If it weren’t for a few unfortunate details, you might have a different opinion of the American cockroach. It might impress you for its speed and street smarts or for its contribution to the ecosystem as it chews stuff up, breaks it down and turns it into fertilizer.

But the devil is in the details with these dangerous little pests. And if you’ve got them in your house, your restaurant or your business, you’re going to want to get rid of them before they do you any harm.

Let’s take a closer look at the American roach–its appearance, behavior and diet–and discuss how to deal with them if they’ve gotten too comfortable in your home or business.

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History of American Cockroaches

Though its name might make it sound homegrown, the American cockroach isn’t native to the U.S.

It first climbed aboard African slave ships in the 1600’s. It ventured far on these ships, spreading across southeastern coastal lands before moving westward, northward and to other parts of the world. It’s become an extremely successful cockroach in the United States, second only to the German cockroach for sheer abundance.

How to Identify an American Cockroach

American cockroach adult, nymph, and egg sac beside penny for scale
American cockroach size? Up to an inch-and-a-half in length (or even larger). Compared here next to a penny.

The first thing you’ll notice about an American cockroach is its size–because it’s big. In fact, at an inch-and-a-half or more in length (excluding the antennae), it’s the largest house-infesting roach in the United States.

It has two long antennae, six spiny legs, and both its wings and body are reddish brown in color. There’s also a cream-colored, cowl-like structure behind its head, with darker brown markings that look a little like a figure eight.

At the base of its body are a pair of short appendages called cerci. And if you’re looking at a male, he’ll have an additional, tiny pair of appendages called styli that jut out between them. He’ll also have slightly longer wings than the female, and a thinner abdomen.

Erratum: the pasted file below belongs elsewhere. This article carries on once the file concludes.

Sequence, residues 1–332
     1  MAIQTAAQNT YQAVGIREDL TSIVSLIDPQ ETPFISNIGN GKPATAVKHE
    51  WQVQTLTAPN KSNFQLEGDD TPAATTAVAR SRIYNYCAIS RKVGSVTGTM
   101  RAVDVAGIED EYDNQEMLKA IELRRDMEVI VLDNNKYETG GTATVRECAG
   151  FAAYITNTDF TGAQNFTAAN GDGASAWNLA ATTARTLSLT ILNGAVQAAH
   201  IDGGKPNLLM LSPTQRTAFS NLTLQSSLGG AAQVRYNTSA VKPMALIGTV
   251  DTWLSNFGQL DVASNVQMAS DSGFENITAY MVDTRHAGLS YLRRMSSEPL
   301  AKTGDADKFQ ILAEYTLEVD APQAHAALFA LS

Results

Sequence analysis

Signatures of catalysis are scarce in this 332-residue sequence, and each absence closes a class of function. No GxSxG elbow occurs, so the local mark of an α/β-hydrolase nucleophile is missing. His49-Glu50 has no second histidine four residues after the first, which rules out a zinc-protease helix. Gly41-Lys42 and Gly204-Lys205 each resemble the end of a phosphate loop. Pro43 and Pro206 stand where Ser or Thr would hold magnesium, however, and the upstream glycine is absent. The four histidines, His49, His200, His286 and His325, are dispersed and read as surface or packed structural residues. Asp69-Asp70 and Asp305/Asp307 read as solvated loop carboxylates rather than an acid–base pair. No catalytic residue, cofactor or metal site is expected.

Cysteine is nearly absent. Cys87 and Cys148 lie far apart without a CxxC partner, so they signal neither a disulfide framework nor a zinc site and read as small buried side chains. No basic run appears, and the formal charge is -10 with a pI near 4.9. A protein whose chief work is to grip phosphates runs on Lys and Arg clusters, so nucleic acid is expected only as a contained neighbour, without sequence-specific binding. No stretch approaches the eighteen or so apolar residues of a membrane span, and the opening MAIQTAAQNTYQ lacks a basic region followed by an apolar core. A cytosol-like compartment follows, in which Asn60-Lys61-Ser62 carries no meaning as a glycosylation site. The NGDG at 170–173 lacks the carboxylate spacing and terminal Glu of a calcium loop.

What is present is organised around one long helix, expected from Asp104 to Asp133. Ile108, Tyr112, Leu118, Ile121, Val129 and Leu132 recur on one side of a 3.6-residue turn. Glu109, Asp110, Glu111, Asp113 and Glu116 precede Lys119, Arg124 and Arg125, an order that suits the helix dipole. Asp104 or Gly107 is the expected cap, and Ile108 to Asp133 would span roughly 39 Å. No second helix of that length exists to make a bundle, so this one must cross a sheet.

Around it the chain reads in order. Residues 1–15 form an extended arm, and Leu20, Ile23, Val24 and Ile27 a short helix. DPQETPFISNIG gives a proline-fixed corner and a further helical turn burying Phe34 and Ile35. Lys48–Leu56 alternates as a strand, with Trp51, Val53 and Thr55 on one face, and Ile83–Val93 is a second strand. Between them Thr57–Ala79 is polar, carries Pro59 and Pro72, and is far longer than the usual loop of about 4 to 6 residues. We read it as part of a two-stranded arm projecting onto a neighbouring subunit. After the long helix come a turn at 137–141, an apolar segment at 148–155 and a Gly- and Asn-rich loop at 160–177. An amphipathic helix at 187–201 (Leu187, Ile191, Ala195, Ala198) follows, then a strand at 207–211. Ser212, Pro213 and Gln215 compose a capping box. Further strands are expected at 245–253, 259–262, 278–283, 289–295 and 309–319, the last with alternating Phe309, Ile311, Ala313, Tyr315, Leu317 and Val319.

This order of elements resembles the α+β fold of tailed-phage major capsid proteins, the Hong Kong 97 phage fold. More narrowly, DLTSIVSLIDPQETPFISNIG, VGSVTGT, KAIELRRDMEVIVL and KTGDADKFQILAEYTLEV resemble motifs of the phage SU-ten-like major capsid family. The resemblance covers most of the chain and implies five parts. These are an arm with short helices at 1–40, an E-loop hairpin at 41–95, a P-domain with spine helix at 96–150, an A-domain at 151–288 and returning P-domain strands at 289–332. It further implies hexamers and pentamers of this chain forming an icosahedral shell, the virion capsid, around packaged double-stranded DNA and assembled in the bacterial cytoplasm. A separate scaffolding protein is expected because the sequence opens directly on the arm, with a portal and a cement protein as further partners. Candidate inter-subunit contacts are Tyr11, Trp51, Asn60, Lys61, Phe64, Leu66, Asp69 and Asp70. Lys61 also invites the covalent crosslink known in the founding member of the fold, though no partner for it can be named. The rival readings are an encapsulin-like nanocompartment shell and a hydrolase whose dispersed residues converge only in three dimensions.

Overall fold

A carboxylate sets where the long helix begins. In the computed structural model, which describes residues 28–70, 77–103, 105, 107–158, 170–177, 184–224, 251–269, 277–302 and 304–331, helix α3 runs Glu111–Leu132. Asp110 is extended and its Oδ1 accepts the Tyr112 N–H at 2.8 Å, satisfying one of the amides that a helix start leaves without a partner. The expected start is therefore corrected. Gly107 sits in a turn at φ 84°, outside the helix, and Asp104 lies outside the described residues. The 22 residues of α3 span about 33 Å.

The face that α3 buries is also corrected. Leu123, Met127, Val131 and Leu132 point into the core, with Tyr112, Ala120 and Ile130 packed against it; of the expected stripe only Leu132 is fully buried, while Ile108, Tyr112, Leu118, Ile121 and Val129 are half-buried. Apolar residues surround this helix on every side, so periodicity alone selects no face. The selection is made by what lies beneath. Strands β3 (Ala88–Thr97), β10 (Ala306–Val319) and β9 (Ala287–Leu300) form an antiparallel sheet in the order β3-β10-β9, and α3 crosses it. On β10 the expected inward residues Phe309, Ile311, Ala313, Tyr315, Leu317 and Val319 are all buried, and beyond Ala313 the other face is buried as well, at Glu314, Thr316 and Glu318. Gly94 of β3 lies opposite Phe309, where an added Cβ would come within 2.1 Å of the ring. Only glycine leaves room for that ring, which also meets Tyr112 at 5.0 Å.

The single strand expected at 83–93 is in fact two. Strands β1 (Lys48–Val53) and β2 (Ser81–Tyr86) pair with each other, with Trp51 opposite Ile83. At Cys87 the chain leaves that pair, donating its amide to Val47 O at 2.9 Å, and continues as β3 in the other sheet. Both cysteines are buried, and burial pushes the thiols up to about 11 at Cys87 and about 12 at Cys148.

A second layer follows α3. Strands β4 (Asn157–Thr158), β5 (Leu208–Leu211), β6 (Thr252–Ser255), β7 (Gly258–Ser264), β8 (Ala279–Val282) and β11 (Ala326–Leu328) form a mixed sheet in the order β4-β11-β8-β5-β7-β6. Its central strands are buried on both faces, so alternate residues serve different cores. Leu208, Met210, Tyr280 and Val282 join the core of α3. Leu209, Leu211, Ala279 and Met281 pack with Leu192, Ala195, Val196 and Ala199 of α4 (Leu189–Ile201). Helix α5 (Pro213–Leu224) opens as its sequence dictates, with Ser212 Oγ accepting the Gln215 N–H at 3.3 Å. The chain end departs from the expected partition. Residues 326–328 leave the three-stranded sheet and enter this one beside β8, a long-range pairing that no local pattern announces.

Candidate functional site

Range and Habitats of American Cockroaches

American cockroach range across the United States
Range of the American cockroach across the Unites States (in orange). Data thanks to

American cockroaches live seemingly everywhere. They’re known by many different names, depending on where you live; Palmetto Bugs, Water Bugs, Sewer roaches, Tree roaches and more.

They’re a hardy and adaptable insect. While they do best in temperatures between 68 and 84 degrees Fahrenheit, they can survive in most areas of the United States simply by moving indoors. As long as there’s plenty of moisture and a fairly warm atmosphere, they’ll happily settle in and start causing problems.

What Do American Cockroaches Eat?

Eating is a full-time activity for an American roach. When living outdoors, they tend to eat fungi, wood particles, decaying leaves, algae and other insects. Inside, all bets are off–they’ll eat just about anything, including meats, grease, peanuts, sweets, paper, book bindings, cosmetics, leather, cloth, hair, wallpaper paste, pet food, dead insects (including their own kin!) and food crumbs of any kind.

The American Cockroach Life Cycle

Illustration of an American cockroach, nymph, and hatching egg sac

With a lifespan that can easily exceed two years, it’s a long-lived insect that you can expect to stick around for quite a while.

Its life begins as an egg, which the female deposits into an egg case, called an ootheca. The egg case typically holds 16 eggs as they incubate for about a month-and-a-half. Then, they hatch into young roaches known as nymphs.